Chinese Agriculture Mogul Sun Dawu Could Face 25 Years in Jail: Lawyers

The ruling Chinese Communist Party (CCP) is taking a harder line with powerful private corporations and their wealthy founders.

Chinese Agriculture Mogul Sun Dawu Could Face 25 Years in Jail: Lawyers

Authorities in China are pushing for a jail term of 25 years for outspoken billionaire Sun Dawu, who is currently detained on suspicion of a slew of charges including "picking quarrels and stirring up trouble," a charge often used to target peaceful critics of the ruling Chinese Communist Party (CCP).

Sun, who founded an agriculture business in the northern city of Baoding, once presided over a company of some 9,000 employees, who were housed in a purpose-built town and offered schools, free health care, and sports facilities.

He was detained in April 2021 alongside 20 Dawu Agricultural and Animal Husbandry Group employees, some of whom are members of his family. Company assets have been seized by local officials.

Sun, 67, currently faces eight criminal charges including "illegal mining" and "picking quarrels and stirring up trouble."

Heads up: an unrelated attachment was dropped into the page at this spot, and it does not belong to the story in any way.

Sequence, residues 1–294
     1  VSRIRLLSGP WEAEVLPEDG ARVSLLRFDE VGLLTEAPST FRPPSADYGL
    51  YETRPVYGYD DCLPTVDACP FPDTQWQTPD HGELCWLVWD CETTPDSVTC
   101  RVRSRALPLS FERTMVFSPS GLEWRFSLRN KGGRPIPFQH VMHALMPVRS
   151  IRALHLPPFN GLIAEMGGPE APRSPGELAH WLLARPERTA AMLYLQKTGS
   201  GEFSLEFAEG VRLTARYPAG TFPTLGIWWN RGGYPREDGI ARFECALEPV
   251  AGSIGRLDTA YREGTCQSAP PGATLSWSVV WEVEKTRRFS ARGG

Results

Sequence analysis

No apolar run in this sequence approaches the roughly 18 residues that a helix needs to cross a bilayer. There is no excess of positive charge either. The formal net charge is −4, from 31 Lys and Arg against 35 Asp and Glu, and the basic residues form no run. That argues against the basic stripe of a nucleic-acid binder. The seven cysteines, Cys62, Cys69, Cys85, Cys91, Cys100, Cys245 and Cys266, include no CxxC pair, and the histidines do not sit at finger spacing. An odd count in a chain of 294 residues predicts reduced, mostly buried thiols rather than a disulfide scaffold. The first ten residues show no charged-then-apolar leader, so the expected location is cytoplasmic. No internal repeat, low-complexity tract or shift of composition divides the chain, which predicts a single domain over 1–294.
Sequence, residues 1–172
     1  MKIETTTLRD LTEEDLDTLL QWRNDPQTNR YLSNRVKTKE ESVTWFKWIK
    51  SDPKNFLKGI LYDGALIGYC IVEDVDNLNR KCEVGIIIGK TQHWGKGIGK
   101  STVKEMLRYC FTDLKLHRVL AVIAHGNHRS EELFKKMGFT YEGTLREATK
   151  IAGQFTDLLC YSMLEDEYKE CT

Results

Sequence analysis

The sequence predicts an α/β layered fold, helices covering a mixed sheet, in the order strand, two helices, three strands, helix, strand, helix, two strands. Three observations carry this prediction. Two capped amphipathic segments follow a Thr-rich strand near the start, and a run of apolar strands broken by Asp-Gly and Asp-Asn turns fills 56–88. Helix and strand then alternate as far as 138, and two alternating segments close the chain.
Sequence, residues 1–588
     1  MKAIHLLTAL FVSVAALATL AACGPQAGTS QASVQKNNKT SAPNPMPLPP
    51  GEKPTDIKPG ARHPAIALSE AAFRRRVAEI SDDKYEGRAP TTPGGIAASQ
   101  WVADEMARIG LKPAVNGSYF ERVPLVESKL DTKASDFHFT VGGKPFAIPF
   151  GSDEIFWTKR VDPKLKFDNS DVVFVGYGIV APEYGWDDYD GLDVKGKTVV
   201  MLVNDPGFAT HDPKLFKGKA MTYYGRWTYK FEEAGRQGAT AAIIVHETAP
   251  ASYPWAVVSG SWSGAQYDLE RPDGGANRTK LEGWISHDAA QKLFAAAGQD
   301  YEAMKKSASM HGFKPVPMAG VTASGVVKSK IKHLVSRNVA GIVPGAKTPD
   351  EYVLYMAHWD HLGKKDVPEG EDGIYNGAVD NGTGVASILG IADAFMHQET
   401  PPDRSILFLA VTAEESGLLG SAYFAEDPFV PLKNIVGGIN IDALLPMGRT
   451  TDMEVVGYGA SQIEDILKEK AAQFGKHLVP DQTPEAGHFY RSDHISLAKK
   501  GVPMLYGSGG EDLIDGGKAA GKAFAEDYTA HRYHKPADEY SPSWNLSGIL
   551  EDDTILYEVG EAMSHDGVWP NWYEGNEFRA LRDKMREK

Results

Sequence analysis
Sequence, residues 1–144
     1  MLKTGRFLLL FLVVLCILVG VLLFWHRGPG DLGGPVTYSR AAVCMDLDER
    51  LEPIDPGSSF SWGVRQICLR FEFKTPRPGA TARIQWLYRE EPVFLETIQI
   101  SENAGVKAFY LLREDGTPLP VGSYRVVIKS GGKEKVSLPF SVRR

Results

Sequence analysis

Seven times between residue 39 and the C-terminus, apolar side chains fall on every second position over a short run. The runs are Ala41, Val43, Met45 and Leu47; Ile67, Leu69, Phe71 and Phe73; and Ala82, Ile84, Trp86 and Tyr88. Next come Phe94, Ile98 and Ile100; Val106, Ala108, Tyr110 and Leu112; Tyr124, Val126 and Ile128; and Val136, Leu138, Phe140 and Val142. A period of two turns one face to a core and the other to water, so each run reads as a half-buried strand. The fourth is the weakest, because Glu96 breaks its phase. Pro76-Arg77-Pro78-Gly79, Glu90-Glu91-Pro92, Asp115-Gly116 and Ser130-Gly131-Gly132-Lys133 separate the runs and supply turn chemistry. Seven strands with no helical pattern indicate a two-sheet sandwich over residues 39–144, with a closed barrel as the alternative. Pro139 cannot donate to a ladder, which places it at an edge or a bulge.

Sun's lawyers say the decision to crack down on Sun and the Dawu group was likely made by high-ranking government officials in the northern province of Hebei.

His defense team are currently in a pretrial meeting with prosecutors from the Gaobeidian People's Court in Hebei, who said they will be pushing for a 25-year jail term for Sun.

His eldest son and Dawu Group chairman Sun Meng has been advised to plead guilty in return for a 16-year sentence, or face a 20-year jail term.

Sun's brother Sun Zhihua was advised to plead guilty in return for an 11-year sentence, or face a 14-year jail term, lawyers told RFA.

"The plan is for the pretrial meeting to go on for five days, with every defendant involved," a member of the defense team who asked to remain anonymous said.

"The judiciary and the local government are very keen to expedite this case."

Threats of long prison terms